Archive for Sunday, December 4, 2005

Executive acquitted in money laundering case

December 4, 2005


— A hip hop music producer who cultivated a gangster image by taking the last name "Gotti" finally has something in common with the late Teflon Don: an acquittal.

A federal jury in Brooklyn found Irving "Irv Gotti" Lorenzo and his brother Christopher not guilty Friday of laundering piles of drug money for a notorious crack kingpin.

Jurors also acquitted the Lorenzo's record company, until recently known as Murder Inc., at a trial that was followed closely by some of the music industry's big stars.

Supporters in the gallery erupted in cheers after the acquittals were announced. Amid the jubilation, a small group of jurors asked that the Lorenzos and their mother be taken into an antechamber with them so they could congratulate them in private.

Irving Lorenzo's two attorneys then carried him out of the courthouse as he shouted: "We did it! We did it!"

Minutes later, he threw his arms around juror Gloria Menzies, who called the brothers "my boys" and invited Irving to attend church with her.

"They had nothing to pin on these two guys," Menzies said. "It was so weak."

Beaming, Lorenzo accepted her invitation and said the trial had brought him closer to God. He also promised that his legal troubles were behind him for good.

"I'm never going to get into any other trouble, no jaywalking, nothing," he told reporters.

Assistant U.S. Atty. Sean Haran said he would respect the jury's verdict.

The Lorenzo brothers had faced up to 20 years in prison if convicted. They were accused of agreeing to launder money for Kenneth "Supreme" McGriff, a man a prosecutor called "one of the biggest, baddest, most dangerous drug lords in New York City."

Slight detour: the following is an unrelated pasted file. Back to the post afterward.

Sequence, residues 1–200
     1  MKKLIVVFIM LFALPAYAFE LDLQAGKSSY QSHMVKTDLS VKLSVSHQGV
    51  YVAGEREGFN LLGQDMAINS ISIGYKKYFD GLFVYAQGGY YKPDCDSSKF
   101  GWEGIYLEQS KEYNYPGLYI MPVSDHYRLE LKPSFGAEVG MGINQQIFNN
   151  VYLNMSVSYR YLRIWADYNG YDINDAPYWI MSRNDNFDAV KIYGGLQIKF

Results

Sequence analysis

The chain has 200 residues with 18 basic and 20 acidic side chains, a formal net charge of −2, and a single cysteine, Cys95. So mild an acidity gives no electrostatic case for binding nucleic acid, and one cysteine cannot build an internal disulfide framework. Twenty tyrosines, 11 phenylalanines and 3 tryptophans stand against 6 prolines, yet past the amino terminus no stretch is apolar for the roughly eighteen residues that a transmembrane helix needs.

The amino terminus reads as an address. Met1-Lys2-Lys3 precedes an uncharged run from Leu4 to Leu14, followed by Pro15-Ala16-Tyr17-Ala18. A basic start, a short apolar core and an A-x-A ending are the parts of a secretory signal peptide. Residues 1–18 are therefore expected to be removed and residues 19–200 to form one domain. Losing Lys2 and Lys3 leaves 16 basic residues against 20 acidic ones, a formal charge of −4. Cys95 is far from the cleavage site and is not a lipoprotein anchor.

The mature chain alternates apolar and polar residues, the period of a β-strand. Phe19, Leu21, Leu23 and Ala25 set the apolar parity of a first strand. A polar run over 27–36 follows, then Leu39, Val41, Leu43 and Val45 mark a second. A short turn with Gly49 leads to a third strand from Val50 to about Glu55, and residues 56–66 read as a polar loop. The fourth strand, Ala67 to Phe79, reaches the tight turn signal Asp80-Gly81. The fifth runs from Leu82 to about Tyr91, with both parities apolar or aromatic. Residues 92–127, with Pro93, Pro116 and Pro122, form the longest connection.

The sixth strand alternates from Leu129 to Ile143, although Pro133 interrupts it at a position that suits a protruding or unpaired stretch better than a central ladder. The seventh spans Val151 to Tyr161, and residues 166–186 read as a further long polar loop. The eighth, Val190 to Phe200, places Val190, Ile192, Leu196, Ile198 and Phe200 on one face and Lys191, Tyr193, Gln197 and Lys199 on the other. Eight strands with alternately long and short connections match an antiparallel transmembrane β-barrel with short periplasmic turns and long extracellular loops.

McGriff allegedly funneled more than $1 million in drug money through Murder Inc. in return for providing protection for the Lorenzos. A government witness who once worked at the label testified that he saw a "huge amount" of money delivered in shopping bags and a shoe box.

Murder Inc. cut tens of thousands of dollars in checks for corporations controlled by McGriff, including a movie company that produced a straight-to-video film called "Crime Partners 2000." The label also covered his expenses as he traveled around the country, ostensibly working as an entertainment executive.

The defense said the Lorenzos were businessmen whose associations with McGriff were legal. The brothers said they decided to invest their own money in McGriff's movie because he was an old friend from their Queens neighborhood.

The trial was a spectacle for celebrity watchers.

Courtroom supporters included Jay-Z, Fat Joe and Russell Simmons, along with Ja Rule and Ashanti, the platinum-selling artists signed by the defendant's Murder Inc. label.

Ja Rule, on hand for the verdict, said he was elated.

"I can't even explain the feeling that's in my body."

Murder Inc. changed its name to The Inc. last year after executives said the label's image was hurt by the racketeering case.

Christopher Lorenzo said outside the courthouse Friday that the gangster motif, including his brother's adoption of the "Gotti" name, was always just show business.

"You want to know his real name?" he said. "It's Magoo, because he squints all the time."

He said the pair would now work on reviving the business, which he said had been hurt financially by the case's "black cloud."


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